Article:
Donald Trump may be facing a possible arrest in New York, and posting increasingly menacing statements about “death and destruction” on his social media website, but at a Trump campaign rally on a sunny afternoon in Waco, Texas, it was business as usual.
Thousands of the former president’s supporters wandered through Trump merchandise tents, where they bought t-shirts emblazoned with “God, guns and Trump” and “Trump won”.
Then they packed onto the asphalt tarmac of the local airport hours before Mr Trump’s expected arrival.
They waited in the heat as songs by Abba, Frank Sinatra and Bon Jovi blared on the loudspeakers and cheered as a litany of familiar Trump supporters took turns warming-up the crowd.
Rock star Ted Nugent played what was billed as a “fire-breathing” rendition of the US national anthem on his electric guitar, interrupted by an obscenity-laced diatribe that included attacks on the “jack-booted thugs” in the federal government who he said have been wrongfully imprisoning Trump supporters who stormed the US Capitol on 6 January, 2021.
Congressman Matt Gaetz of Florida and Congresswoman Marjorie Taylor Greene of Florida also had their moment on the stage, lobbing pointed attacks on New York City District Attorney Alvin Bragg, who will decide in the days ahead whether to indict Mr Trump on charges related to hush-money payments to adult film star Stormy Daniels.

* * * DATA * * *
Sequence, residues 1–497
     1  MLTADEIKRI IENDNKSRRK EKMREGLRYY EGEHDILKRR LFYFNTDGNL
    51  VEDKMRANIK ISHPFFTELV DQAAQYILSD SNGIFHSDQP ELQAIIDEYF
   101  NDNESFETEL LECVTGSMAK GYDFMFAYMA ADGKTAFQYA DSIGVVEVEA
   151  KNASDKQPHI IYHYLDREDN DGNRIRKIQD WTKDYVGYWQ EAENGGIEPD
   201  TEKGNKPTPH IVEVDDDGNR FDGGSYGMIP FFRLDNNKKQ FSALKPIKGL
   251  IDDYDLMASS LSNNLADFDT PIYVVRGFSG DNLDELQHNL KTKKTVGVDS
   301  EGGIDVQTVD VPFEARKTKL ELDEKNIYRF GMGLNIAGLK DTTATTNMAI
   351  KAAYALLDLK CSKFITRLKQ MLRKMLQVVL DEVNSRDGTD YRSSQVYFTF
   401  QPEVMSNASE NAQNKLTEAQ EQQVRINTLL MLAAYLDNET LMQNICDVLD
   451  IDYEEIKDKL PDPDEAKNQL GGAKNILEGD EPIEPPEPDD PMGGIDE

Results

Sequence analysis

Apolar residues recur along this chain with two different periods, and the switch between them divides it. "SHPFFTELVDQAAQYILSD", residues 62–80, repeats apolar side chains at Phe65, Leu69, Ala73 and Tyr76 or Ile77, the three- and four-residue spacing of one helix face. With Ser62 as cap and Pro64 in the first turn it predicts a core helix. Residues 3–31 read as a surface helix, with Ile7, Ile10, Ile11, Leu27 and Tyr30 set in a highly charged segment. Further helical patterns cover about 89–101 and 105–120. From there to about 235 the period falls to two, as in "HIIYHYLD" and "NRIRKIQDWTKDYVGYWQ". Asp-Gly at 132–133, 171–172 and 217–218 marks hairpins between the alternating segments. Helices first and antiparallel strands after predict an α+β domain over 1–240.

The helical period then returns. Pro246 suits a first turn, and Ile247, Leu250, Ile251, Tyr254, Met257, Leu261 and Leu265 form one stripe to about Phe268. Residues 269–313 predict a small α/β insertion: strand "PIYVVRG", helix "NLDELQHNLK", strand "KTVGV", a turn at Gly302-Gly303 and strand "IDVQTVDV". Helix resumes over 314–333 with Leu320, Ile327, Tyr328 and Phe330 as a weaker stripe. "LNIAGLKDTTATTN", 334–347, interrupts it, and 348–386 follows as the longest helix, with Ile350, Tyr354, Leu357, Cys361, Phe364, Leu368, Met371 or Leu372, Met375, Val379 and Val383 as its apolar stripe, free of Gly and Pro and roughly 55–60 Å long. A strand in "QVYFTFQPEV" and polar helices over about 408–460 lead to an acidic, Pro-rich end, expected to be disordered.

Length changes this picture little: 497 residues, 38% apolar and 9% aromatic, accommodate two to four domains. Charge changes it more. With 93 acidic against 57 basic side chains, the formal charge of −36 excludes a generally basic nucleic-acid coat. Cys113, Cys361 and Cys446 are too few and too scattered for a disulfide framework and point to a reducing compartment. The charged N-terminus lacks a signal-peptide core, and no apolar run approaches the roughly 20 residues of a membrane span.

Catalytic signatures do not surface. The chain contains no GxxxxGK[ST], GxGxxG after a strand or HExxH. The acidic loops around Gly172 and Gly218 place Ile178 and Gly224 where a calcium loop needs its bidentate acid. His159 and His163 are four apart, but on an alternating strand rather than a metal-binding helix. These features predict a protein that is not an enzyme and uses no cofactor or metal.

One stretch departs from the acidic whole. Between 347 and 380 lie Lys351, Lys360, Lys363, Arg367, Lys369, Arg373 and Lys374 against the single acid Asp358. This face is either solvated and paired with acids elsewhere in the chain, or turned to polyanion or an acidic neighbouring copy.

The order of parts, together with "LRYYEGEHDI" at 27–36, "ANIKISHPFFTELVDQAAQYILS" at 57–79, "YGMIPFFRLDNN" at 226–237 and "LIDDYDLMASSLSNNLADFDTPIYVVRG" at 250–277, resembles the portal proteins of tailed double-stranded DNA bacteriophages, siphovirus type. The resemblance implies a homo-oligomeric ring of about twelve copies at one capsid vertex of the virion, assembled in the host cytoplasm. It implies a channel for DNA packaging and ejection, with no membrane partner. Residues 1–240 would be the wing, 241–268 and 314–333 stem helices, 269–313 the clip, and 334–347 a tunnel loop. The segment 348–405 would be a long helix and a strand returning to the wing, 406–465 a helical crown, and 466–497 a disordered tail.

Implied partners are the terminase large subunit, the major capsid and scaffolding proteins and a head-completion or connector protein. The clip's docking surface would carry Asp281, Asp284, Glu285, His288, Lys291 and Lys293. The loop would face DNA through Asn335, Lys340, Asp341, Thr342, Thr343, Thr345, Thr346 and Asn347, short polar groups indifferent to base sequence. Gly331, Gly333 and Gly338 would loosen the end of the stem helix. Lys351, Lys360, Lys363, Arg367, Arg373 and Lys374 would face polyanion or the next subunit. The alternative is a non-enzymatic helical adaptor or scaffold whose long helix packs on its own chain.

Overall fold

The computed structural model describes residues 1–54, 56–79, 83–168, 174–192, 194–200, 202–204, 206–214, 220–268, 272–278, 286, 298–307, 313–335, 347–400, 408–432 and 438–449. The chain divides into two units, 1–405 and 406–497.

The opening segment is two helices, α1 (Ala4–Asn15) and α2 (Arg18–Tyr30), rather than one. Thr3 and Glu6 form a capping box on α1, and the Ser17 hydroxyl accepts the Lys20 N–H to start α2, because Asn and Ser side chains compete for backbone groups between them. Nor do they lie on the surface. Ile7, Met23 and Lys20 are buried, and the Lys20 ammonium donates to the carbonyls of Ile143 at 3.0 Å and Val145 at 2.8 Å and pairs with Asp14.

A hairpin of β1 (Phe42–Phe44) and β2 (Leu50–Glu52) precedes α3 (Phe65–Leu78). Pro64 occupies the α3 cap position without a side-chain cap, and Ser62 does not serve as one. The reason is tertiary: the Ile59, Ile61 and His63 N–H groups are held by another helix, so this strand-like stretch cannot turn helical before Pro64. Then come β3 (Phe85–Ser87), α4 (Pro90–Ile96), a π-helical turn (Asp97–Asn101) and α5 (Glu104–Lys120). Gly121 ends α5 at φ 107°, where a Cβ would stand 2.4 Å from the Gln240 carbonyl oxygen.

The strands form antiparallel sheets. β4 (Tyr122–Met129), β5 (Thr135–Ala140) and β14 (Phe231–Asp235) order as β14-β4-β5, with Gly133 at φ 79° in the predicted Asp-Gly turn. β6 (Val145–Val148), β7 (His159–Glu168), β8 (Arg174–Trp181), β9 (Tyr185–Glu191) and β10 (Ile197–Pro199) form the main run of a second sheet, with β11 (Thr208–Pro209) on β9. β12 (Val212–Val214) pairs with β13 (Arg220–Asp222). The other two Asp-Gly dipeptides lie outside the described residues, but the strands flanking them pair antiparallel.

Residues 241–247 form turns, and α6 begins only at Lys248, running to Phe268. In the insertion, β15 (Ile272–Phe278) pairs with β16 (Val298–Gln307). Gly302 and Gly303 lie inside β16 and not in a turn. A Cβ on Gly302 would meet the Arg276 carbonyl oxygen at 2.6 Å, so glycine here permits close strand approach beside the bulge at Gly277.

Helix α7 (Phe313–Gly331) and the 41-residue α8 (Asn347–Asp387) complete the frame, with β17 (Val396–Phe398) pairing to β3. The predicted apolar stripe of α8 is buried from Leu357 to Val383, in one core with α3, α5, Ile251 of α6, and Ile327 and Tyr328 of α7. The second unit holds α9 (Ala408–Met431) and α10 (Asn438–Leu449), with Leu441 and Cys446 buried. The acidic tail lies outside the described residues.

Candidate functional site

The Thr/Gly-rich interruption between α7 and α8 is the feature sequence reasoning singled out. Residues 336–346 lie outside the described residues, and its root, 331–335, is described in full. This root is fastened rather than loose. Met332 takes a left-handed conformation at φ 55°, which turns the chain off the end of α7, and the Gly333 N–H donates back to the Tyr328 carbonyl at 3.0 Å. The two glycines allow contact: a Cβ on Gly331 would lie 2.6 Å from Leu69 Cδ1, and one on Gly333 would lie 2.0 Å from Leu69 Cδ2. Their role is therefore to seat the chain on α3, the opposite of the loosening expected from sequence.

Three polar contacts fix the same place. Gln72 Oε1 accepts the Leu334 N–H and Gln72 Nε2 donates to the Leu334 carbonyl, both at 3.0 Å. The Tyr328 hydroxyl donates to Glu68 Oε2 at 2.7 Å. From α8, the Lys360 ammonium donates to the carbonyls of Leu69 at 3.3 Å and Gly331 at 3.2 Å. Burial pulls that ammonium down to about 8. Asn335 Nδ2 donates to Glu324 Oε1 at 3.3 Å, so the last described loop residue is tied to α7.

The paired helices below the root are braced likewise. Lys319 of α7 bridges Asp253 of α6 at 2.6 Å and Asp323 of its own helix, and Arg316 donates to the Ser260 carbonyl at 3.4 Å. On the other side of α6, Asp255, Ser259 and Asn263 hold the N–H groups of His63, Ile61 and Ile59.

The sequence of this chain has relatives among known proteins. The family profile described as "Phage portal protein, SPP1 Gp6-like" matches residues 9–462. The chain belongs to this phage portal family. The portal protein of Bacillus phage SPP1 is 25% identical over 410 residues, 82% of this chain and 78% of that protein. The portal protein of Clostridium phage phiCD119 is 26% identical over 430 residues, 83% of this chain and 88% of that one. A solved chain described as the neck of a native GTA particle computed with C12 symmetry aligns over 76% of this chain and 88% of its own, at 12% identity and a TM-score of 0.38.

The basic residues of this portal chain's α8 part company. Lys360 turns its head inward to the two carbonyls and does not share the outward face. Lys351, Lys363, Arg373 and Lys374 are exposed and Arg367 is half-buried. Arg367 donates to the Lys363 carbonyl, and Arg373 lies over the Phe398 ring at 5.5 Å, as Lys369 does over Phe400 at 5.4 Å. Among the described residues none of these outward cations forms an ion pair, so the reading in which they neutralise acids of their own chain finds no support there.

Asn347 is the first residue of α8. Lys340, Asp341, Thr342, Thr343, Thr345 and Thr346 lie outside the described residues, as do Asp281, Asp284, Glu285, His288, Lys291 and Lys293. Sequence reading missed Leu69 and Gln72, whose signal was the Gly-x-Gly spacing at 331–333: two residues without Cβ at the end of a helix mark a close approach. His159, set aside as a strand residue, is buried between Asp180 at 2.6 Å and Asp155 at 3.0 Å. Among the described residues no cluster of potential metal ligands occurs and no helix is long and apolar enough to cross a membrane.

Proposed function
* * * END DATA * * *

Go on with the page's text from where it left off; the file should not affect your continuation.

“This attack is an egregious weaponisation of our justice system designed to influence the 2024 presidential race,” Greene said.
“This is nothing but a witch hunt against President Trump, and he is completely innocent.”
The crowd – which the Trump campaign has estimated will reach 15,000 – offered some boos when Mr Bragg’s name was mentioned, but few seemed all that concerned by the New York investigation.
“I don’t listen to the negative stuff,” said Debbie Harvey of Midlothian, Texas, a town near Dallas. “I’m praying that he doesn’t get indicted. God still answers prayers.”
“There doesn’t seem to be much to it,” said Brian Novie, who lives in nearby Copperas Cove. “And now they seem to be struggling with whether to prosecute at all.”
Novie and his friend Richard Tarner, who like Harvey were attending their first Trump rally, bought commemorative t-shirts that read “Trump in Texas: I was there – where were you?” They said that, even with what is likely to be a range of choices in the 2024 Republican primaries, they were sticking with Mr Trump.
“He’s proven he can get things done,” Tarner said, noting that Florida Governor Ron DeSantis, Mr Trump’s most formidable rival, had yet to demonstrate that he could perform on the national stage.
In the run-up to the Waco rally, a number of media outlets and Trump critics had questioned why the former president was holding his first mega-rally of the 2024 campaign in Waco, where 30 years earlier federal and state authorities engaged in an armed standoff with the Branch Davidian religious cult that ended with the death of 86 people.
It was an incident that helped fuel an anti-government movement in the US, as terms like Nugent’s “jack-booted thugs” were frequently used to describe federal law officers.
Texas Lieutenant Governor Dan Patrick told the crowd that such connections were an expletive and “fake news“.
“I picked Waco,” he said. “The president called me several weeks ago and said: ‘I’m coming to Texas. I want you to pick a great town.’
The president’s plane is scheduled to land by early evening in the kind of dramatic airfield arrival he made a signature of his campaigns in 2016 and 2020. Three years ago, however, he was flying on Air Force One. Now he is back to travelling on his personal jet.